At the molecular level, Connective Tissue Growth Factor (CTGF) expression is directly regulated by Yes-associated protein and Tafazzin protein (YAP/TAZ) complexes9, 10. Previously, substrate stiffness was shown to alter the nuclear vs. cytoplasmic localization of the YAP/TAZ protein complex leading to the hypothesis that this complex may function to mediate mechanotransduction through a currently undefined pathway11. Expression of the protein CTGF was found to be strongly correlated with the localization of the YAP/TAZ protein complex in mesenchymal stem cells and endothelial cells11. As CTGF regulates multiple cellular processes, and is markedly upregulated in blinding conditions that involve retinal gliosis, such as proliferative vitreoretinopathy (PVR, retinal scarring)12, age-related macular degeneration13, 14, and diabetic retinopathy14, 15, from a clinical and translational standpoint, understanding the mechanical influence of expression of CTGF will be helpful in developing novel therapies for retinal disease.

    Previously, we demonstrated that Müller cells increase in spread area and change levels of mRNA transcription of CTGF with increased substrate stiffness16. Based upon these observations, we used the same conditionally immortalized Müller cell line17 to determine the changes in YAP/TAZ complex localization and CTGF protein expression of as a function of time and substrate stiffness.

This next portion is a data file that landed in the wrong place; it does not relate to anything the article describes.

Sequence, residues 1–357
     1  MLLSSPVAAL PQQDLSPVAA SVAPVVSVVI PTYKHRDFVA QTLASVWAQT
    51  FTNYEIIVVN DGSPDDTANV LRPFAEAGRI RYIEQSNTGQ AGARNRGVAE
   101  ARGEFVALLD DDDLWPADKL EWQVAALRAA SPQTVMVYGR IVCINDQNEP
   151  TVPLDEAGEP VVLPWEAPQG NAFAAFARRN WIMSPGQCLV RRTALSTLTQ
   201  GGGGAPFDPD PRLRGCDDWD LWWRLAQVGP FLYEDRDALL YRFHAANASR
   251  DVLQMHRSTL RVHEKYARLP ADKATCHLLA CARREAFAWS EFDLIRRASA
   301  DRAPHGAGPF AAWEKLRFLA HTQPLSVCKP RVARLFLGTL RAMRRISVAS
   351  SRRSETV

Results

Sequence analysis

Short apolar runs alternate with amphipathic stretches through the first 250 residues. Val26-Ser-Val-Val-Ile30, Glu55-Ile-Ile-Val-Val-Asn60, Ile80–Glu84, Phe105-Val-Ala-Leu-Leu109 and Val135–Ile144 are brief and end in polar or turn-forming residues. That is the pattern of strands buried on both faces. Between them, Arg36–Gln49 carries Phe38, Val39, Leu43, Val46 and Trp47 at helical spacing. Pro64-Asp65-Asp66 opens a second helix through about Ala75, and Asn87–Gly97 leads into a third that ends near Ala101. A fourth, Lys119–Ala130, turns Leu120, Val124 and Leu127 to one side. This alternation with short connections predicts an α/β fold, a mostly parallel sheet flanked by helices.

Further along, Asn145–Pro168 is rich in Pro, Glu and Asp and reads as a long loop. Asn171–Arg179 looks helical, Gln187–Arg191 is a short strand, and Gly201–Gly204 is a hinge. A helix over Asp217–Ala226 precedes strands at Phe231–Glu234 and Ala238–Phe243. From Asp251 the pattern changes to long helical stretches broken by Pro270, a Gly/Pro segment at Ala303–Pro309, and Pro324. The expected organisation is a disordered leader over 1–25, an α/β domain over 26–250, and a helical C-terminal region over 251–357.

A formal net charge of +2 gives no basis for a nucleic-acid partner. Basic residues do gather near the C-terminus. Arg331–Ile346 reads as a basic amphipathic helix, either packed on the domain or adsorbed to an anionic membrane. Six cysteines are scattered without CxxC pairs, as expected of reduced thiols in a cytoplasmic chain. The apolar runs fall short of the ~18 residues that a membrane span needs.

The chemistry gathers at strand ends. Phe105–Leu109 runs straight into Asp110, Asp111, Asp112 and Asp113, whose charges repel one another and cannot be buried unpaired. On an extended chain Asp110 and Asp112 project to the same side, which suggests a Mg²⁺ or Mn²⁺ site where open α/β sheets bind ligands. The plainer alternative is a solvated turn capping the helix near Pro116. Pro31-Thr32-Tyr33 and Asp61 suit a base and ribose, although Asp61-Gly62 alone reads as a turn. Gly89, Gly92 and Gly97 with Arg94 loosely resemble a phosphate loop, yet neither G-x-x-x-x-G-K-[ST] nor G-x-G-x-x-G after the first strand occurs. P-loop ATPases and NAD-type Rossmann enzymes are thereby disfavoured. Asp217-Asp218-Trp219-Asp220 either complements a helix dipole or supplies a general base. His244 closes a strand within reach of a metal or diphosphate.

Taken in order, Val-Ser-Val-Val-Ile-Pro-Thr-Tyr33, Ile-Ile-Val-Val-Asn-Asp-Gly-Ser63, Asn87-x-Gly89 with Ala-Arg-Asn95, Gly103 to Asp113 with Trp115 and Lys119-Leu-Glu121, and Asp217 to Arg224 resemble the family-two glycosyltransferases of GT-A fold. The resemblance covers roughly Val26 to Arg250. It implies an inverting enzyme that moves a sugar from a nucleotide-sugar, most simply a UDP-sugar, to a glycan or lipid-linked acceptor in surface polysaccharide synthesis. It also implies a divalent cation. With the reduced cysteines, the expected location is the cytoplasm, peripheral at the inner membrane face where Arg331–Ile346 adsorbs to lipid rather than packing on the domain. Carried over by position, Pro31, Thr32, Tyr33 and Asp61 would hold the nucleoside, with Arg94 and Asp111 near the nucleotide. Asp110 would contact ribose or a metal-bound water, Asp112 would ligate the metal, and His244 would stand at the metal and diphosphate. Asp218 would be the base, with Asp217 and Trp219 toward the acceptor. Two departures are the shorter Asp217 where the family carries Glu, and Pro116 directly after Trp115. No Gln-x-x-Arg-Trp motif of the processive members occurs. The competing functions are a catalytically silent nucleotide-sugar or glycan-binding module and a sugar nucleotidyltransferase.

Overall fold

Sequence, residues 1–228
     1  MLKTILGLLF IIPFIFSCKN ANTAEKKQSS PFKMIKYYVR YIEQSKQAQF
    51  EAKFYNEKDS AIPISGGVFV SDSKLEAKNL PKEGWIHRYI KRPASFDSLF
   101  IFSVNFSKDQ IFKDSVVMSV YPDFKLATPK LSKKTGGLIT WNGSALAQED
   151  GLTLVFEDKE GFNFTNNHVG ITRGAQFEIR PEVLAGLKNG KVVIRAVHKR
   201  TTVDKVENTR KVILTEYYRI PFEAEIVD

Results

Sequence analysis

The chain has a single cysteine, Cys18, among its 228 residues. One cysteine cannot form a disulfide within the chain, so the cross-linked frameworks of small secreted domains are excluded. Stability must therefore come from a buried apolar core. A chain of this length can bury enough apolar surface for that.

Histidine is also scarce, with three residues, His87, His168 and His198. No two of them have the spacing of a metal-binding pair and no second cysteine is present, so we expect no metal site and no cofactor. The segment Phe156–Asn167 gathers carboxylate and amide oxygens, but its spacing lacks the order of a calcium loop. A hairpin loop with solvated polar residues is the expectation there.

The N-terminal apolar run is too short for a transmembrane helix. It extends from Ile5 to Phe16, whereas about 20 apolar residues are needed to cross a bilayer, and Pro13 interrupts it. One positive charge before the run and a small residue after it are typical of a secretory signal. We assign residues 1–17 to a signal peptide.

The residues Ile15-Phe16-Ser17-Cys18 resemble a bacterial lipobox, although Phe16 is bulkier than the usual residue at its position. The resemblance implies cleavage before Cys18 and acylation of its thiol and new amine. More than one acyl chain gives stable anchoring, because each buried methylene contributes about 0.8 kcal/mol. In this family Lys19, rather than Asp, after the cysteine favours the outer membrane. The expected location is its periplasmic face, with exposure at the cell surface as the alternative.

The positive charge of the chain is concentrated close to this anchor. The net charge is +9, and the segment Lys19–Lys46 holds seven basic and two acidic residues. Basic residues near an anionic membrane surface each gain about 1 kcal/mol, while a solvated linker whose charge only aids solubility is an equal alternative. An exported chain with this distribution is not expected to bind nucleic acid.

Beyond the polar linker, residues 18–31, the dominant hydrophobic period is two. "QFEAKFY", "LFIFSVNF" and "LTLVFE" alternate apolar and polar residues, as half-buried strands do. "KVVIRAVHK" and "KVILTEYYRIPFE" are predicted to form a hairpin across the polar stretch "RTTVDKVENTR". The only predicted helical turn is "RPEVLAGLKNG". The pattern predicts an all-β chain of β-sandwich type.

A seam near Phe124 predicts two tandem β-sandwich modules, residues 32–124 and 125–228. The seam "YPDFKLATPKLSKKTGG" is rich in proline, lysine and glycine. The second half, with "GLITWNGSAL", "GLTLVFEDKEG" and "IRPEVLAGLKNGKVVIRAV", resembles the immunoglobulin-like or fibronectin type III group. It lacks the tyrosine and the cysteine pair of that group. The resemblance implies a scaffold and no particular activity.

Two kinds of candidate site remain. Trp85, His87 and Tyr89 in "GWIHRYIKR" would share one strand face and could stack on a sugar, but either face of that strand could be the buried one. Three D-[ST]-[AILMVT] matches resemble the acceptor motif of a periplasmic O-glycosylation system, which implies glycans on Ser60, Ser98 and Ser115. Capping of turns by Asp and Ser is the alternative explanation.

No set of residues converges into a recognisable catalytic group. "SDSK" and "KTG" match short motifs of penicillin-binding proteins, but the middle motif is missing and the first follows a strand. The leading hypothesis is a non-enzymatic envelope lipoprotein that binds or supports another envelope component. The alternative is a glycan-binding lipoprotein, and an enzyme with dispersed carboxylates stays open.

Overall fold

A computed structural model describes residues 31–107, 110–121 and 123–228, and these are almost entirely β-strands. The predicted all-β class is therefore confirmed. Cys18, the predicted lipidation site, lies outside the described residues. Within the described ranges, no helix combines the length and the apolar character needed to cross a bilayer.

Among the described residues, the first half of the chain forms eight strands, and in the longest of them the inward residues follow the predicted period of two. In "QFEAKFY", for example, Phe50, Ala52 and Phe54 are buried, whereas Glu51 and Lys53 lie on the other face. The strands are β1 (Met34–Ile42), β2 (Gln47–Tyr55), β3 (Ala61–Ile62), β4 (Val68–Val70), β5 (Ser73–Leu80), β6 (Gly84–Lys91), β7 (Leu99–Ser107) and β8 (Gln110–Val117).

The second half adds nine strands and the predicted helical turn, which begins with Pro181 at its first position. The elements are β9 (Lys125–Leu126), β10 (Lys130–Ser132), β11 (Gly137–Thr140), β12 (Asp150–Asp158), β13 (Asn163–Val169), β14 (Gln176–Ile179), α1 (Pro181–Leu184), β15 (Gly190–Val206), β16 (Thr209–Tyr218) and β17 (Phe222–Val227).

The goal of the present study was to understand how substrate stiffness influenced the time course of CTGF expression and YAP/TAZ localization in a conditionally immortalized Müller glial cell line17.

    Materials and Methods

    Cell Culture

    Conditionally immortalized Müller cell (ImM10)17 were plated on laminin-coated polyacrylamide gels18,19 or glass substrates and maintained in cell culture at 5.5% CO2. After plating, adherent cells were maintained for 24 days at 39ºC in growth medium under nonimmortalizing conditions (Neurobasal media with 2% FBS, 1x B27 supplement, 2 mM L glutamine, 5 U/ml penicillin, and 5 ug/ml streptomycin (Gibco/Invitrogen)) with media changes at 3-day intervals. For growth under immortalizing conditions, media was supplemented with mouse recombinant IFN-γ (PreproTech; Rocky Hill, NJ) at 50 U/mL and cells were maintained at 33ºC. For maintenance and subsequent analyses, cells were grown on uncoated tissue culture dishes under immortalizing conditions, unless otherwise stated.

    Substrate Preparation

    Glass coverslips were coated with a drop of 3-aminopropyltrimethoxysilane spread evenly on the surface. Each coverslip was then washed with deionized water, placed into foil packets, and autoclaved. Once autoclaved, the coverslips were transferred to a sterile petri dish containing 0.5% gluteraldehyde (70% stock solution, Sigma) in PBS and incubated for 30 minutes at room temperature. This was followed by 5, 10 minute washes in autoclaved deionized water. After the last wash, the coverslips were laid out onto a piece of autoclaved foil in a biosafety cabinet to dry.

    Gel Formation